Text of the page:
Practical Ways to Save Money on Groceries (Part 1)
Do you feel your hands are all tied up when you see the price of milk or gas these days? Though it feels good to look back with nostalgia for the good old days when everything is dirt cheap, there is just no escaping the fact that prices are always advancing.
That is a part of the rhythm of modern life but we don’t have to just keep our eyes closed, cross our finger and hope that we can make ends meet until the next pay check. Don't let yourself be billowed by every inflationary breeze that comes wafting your way. Here are practical ways to get more food and spend less cash:
- Track your expenses. Saving money is hard if you don’t know how much you’re spending on which item. It is essential to food budgeting to have a list so you can track down how much you need each week or month, set the budget, and create goals to achieve.
- Grow your own. Make a garden. Even if you don’t have one, use your kitchen window sill or the vertical face of your apartment wall. If you already have one, make it bigger the next month. It will lead to healthier eating habits and you’ll have to do away with guilt about wasting too much money on your local grocer.
- Learn to cook. Start from simple recipes that would take a few minutes even if you have a gazillion other chores around the house or rushing every day to work. It doesn’t have to mean giving up restaurant meals or ordering pizza but when you prepare your own meals, you can slash off huge amount on your food budget.
- Keep a running grocery list. When you run out of anything, add it to the list. The more well-stocked your larder is, the better you’ll eat, and the less you’ll spend. Always bring it when you shop and stick to it.
- Use discount grocery stores. You will save a small fortune if you do your shopping in those stores that buy surplus from bigger chains.
- Buy in bulk. For staple items, it would be cheaper to buy it more. But even if the items have short shelf life, that only means you have to work your weekly food menu on those perishable items so it won’t end up rotting in the fridge.
- Cook up large batches. Do this for your favourite dishes or comfort food. Store them up as single meal portions in the fridge, freezer, or pantry. You don’t only save hundreds of dollars but also earn yourself some free time in the kitchen.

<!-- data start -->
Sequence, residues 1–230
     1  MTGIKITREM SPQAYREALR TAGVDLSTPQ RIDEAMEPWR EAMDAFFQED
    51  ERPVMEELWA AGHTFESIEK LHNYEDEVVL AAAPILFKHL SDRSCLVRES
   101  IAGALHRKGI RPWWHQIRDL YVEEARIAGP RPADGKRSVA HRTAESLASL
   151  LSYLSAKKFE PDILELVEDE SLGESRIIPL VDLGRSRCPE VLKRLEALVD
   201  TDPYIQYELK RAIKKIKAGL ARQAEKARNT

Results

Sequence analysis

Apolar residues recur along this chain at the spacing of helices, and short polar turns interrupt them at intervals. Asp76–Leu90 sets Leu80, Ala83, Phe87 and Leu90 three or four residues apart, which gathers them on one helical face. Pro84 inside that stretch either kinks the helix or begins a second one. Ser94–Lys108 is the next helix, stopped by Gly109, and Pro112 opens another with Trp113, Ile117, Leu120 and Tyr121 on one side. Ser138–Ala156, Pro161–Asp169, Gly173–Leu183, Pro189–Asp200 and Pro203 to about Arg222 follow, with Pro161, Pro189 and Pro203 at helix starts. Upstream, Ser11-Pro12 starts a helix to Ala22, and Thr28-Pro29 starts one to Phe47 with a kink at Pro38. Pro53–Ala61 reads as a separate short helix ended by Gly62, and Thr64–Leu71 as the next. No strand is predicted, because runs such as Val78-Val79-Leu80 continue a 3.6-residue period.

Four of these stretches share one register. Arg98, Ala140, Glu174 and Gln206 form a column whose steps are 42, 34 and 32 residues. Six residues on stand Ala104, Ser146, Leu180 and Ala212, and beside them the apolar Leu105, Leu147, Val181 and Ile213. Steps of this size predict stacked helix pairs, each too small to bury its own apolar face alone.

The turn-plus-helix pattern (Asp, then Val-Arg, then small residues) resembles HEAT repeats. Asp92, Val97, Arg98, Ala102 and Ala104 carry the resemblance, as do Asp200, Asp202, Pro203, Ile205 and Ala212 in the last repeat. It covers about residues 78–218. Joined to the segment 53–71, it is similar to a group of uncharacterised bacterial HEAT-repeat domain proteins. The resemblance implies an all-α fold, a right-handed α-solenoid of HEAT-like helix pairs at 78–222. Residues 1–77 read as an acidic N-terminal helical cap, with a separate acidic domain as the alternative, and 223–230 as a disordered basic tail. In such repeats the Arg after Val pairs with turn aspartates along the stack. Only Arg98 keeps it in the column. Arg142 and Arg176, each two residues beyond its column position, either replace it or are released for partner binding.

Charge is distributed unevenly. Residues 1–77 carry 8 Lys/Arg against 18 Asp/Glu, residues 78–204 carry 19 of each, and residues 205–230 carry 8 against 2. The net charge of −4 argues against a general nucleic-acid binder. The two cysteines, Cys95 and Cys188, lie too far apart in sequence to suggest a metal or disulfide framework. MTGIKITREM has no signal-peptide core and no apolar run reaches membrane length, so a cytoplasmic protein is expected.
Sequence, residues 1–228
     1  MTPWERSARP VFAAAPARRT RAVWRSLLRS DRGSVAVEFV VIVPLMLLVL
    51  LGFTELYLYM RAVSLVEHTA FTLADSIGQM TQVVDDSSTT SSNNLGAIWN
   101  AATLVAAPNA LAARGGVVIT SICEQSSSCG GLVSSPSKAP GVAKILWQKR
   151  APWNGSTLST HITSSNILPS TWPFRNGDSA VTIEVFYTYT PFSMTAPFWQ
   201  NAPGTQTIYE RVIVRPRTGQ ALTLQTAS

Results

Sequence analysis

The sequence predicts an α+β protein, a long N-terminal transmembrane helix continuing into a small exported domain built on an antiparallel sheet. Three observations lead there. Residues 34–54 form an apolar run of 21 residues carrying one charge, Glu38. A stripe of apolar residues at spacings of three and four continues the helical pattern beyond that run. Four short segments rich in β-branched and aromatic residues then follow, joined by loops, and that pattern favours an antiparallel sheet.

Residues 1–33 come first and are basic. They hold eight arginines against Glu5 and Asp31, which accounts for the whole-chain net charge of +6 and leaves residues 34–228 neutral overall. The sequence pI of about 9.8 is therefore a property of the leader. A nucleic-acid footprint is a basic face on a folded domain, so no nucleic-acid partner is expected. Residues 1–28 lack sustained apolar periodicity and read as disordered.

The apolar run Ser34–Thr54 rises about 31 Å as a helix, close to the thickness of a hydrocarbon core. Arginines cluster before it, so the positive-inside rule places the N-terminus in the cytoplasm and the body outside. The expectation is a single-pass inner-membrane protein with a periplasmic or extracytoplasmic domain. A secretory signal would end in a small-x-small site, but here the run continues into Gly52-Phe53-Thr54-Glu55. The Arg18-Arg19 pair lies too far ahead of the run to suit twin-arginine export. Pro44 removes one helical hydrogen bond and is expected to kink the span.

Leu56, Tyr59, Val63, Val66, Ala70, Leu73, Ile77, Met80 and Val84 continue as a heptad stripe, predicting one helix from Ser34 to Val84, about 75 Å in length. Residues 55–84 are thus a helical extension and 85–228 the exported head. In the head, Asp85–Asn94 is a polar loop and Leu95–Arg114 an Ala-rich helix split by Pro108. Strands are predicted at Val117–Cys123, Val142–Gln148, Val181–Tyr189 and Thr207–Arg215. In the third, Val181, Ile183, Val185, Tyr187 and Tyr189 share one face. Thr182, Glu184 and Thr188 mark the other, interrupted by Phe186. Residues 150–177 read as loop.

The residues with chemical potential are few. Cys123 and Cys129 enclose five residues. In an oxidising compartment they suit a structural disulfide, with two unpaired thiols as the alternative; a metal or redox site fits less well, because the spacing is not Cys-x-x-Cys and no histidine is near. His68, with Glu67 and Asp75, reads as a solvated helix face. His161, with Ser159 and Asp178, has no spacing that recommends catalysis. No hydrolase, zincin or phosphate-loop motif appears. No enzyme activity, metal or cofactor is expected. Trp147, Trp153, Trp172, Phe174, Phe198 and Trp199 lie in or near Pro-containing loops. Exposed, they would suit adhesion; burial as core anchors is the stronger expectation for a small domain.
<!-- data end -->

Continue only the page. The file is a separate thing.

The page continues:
- Be creative with leftovers. With a little stock and some seasonings, your casserole or roast can become a stew for the next day. Stretch a large piece of meat by incorporating it into several different dishes. This way, you avoid boring or monotonous meals but still save money in the process.
- Save everything. From bacon grease to chicken carcass and hambones – these can be lifesavers for a tasty, satisfying yet cheap food on your table. If you don’t have time to attend to these stuff after dinner, put them in a bag in the freezer and get back to it afterwards.
- Never succumb to impulse buying. You have to really ask yourself whether you actually need it or not and if it is worth spending your hard-earned grocery fund with. Otherwise, learn to let go.
- Schedule your grocery visits. The more often you go shopping, the more you are likely to spend. Try to make your shopping trip no more than once per week. If that works, try for every two weeks, even every month. This tends to focus you more on buying larger quantities more carefully.
- Compare costs. Track prices of your must-have products at your local grocery store, then keep a best-price cheat sheet in your wallet. Next time you’re stocking up, you won’t have to wonder if you’re getting a good buy. Know the cost per unit (CPU) before you buy in bulk.
- Avoid processed food. Stick with basic commodities so you won’t have to subject your bodies into chemicals, preservatives, and toxins. Plus, you won’t have to pay more for that brand name or trademark.
- Do your own prep. Precut or sliced items cost more. So scrutinize your schedule so you can devote time for food preparation and have it ready to go when you’re rushing for dinner.
- Get a store card. Loyalty cards allow allow shoppers to get extra discounts on items without having to clip coupons. If a store you frequent, even infrequently, offers a card, you should get one.